Sunday, July 7, 2013

Sunday Soup - July 7

Note: Thanks Laura, for letting me know about some broken links.  I fixed two of them -- the third URL is correct I think, but it looks like the site is down, hopefully temporarily. If you tried to follow links that were broken before, they should be corrected now.


Sunday Soup is... a little of this, a little of that, not too much work, and hopefully a tasty result.

Soup Dish:  book people are talking about...
Although this article on Manic Pixie Dream Girls by Laura Penny starts out with a bunch of references to Doctor Who, which don't mean much to me, this line jumped out at me:
Men grow up expecting to be the hero of their own story. Women grow up expecting to be the supporting actress in somebody else's.
Which echoes a point that Jenny Crusie made years ago and that I have referenced ad nauseum. Anyway, the writer talks about depth of characterization, and then she kind of sucker-punched me with this paragraph:
Manic Pixies, like other female archetypes, crop up in real life partly because fiction creates real life, particularly for those of us who grow up immersed in it. Women behave in ways that they find sanctioned in stories written by men who know better, and men and women seek out friends and partners who remind them of a girl they met in a book one day when they were young and longing.
and just... wow.  I'm still figuring out what to do with that, but the truth of it blows my mind a little bit. I'm just loving this writer's voice and am about to go binge on Things She Has To Say.  Because:
Lately, though, as I've been working on longer ideas about sexism and class and power, I keep coming back to love, to the meat and intimacy of fucking and how it so often leads so treacherously to kissing. 
and because
I refuse to burn my energy adding extra magic and sparkle to other people’s lives to get them to love me. I’m busy casting spells for myself. Everyone who was ever told a fairytale knows what happens to women who do their own magic. 
I just love all of that.  (via @meredithduran on Twitter)

10 things about book blogging from Rebecca Schinsky.  Spot on. (via @THRJessica on Twitter)

News from Nalini! She names her next hero. Given the hints in Heart of Obsidian, I'm not very surprised, but I am definitely looking forward to Vasic's story, especially since it seems that he will be paired up with a Changeling.  Did I mention that I went to a signing a couple of weeks ago? How did I overlook that?? I did tweet about it -- and yes, I  tried to make sure to get the University Bookstore info in the picture -- I love that they have these amazing events so if I can give them a teeny boost, I will.


One last link [note: it looks like this blog is down at the moment - I'm going to leave the link in hopes that it comes back...] that left my jaw dangling a little bit with the power and gorgeousness of the very words.  Perhaps because I am not a person that poetry usually speaks to, on the occasions when I accidentally stumble over something that resonates for me, I get more than a bit blindsided. I predict [more] amazing things from this writer.


What I'm reading
OH MY GOD why did I wait so long to read Thea Harrison's latest release??  It is so, so good.  Go get your hands on Rising Darkness right now if you haven't already.  In the "hidden parallel world" style of urban fantasy, where the paranormal world lives alongside unsuspecting mortals, there is always a scene where one of the leads discovers the parallel world, and it is always a pivotal moment.  None have electrified me like the one in this book.  I swear, I had goosebumps.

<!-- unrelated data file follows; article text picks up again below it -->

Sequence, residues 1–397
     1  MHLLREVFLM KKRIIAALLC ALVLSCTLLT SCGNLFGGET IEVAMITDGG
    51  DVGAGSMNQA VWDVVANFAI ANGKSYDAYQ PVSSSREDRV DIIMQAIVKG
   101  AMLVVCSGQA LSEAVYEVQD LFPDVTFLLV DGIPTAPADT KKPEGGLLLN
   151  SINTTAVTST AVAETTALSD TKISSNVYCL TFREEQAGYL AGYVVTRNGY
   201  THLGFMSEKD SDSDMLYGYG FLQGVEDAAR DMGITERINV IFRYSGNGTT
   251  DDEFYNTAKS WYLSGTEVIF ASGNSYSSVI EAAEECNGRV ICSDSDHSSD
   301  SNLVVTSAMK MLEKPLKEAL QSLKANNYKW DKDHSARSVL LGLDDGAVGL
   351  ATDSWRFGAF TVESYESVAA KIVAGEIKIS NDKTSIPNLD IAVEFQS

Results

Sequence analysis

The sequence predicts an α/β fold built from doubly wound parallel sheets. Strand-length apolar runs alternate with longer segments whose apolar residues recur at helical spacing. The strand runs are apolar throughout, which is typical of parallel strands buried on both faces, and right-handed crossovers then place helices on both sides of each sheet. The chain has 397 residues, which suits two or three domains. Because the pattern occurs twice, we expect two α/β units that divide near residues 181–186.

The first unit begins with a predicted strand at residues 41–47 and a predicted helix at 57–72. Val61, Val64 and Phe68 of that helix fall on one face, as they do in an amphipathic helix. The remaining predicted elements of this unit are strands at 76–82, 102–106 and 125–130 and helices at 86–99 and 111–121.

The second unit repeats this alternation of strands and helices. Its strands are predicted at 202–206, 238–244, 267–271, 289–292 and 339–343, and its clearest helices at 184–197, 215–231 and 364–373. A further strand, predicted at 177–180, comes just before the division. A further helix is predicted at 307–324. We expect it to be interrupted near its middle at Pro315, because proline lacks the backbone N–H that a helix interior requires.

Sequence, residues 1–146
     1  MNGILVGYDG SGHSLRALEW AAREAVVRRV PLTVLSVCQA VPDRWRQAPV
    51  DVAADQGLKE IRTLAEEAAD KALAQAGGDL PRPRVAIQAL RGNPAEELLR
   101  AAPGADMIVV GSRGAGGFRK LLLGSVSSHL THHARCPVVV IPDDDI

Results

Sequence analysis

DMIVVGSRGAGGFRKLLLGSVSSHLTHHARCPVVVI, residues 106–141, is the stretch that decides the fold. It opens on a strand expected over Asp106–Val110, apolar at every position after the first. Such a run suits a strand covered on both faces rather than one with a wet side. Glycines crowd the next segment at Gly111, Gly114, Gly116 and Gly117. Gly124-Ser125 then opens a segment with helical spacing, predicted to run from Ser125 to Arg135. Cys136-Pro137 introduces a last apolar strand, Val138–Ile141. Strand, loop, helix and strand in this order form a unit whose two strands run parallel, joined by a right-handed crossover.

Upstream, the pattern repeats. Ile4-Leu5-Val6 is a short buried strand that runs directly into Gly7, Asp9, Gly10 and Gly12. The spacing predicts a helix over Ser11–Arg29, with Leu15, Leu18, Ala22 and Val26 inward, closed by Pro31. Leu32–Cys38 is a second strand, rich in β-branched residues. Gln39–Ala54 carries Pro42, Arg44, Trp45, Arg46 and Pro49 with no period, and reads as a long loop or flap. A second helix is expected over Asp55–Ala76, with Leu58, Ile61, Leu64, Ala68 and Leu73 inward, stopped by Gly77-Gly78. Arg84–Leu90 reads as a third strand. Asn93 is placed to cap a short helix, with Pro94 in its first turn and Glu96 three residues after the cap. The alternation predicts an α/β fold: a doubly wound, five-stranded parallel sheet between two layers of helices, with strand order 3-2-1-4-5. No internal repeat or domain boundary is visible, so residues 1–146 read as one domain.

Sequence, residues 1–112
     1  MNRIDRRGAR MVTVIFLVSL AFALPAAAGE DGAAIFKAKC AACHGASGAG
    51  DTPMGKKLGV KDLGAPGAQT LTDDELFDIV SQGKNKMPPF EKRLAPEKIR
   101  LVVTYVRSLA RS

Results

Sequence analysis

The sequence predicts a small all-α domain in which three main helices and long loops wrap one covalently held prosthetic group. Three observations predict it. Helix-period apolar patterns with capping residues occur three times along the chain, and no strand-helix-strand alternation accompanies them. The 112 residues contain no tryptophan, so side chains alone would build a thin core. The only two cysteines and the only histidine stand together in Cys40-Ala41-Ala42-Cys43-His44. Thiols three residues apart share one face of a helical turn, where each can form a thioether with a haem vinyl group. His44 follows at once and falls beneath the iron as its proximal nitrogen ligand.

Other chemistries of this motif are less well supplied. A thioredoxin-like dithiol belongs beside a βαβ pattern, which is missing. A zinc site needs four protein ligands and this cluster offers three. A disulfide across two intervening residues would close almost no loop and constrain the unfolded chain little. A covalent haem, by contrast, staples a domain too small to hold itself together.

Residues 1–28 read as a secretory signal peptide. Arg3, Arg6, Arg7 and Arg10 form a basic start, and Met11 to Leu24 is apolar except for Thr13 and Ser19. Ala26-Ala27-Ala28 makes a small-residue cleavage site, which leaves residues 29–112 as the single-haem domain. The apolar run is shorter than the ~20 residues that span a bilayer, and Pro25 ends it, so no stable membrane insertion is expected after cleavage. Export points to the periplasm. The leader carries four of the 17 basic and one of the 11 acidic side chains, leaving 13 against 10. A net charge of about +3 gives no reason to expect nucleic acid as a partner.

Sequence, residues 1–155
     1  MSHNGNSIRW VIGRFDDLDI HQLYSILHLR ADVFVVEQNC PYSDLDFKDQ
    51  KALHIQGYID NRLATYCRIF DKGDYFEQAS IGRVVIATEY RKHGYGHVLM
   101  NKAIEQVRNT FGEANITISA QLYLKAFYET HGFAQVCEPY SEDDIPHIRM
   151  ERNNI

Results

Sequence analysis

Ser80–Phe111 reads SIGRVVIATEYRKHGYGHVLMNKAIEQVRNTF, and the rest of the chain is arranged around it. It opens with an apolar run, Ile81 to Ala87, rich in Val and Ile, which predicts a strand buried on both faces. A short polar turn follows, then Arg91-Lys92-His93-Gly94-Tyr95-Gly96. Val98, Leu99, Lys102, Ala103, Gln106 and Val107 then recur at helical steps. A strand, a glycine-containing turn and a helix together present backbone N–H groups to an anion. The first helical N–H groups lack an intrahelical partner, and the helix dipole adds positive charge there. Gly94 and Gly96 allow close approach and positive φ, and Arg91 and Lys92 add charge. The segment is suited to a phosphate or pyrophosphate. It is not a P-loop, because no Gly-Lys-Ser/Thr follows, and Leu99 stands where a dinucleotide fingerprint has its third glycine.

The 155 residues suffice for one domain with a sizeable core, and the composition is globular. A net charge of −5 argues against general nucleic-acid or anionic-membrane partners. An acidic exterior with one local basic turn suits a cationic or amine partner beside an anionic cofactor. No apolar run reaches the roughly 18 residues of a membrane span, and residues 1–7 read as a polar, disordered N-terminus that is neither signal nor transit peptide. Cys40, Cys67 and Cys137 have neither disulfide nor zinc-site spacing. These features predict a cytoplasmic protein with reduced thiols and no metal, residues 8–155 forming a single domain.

I am hatching a plan for a Sheik Week at Alpha Heroes.  I used to read everything I could get my hands on in this subgenre, and they were pretty popular in the 80s.  Standalone or full length books with the European girl in an Eastern harem are now pretty few and far between, although there is still a thriving subgenre of contemporary category sheik romance.  So I was feeling nostalgic about them and re-read Bertrice Small's The Kadin, which was a huge favorite of mine.  I am pleased to say that the story holds up very well-- I went on some multi-hour reading binges like I haven't done in a while and actually was up until 2:30 am last Thursday night (yay for 4-day weekends!).  I'm saving a full review for the feature week, but two things: 1) I really really loved it, and 2) good god, the 2010 Kindle edition is really pretty awful.  Typos and missing periods EVERYWHERE.  If you can find a used print copy, I highly recommend you do that.

I finally finished the Janelle Denison's Born To Be Wilde, part of a 6-book set by a variety of authors.  It took me a while to get through this, but I think that was more a function of stuff going on around me.  I really liked the characters and the Dude Group that Denison has set up, and I'm looking forward to checking out more of the series.

I'm not reading it yet, but I just pre-ordered Chloe Neill's latest Chicagoland Vampire book, Biting Bad.  It's on sale for $8.89 (weird number...) which is close enough to mass market to suit me.

On Tap... what soup isn't a little better with a slosh or two?
I've had a pretty unadventurous week -- it's been all Apricot Ale, all the time with the hot hot weather.  So for your entertainment, I'm giving you this link:  36 cheap American beers, in rank order.

Bonus:
Since Maisey made this just for me, it seems only fair for me to share it with you.

2 comments:

Kathryn said...

Thanks for the Rebecca Schinsky link. There was even more good stuff there. And glad to see Mary Ann Rivers piece promoted. I enjoy your Sunday soup pots.

Nicola O. said...

Thanks Kathryn!

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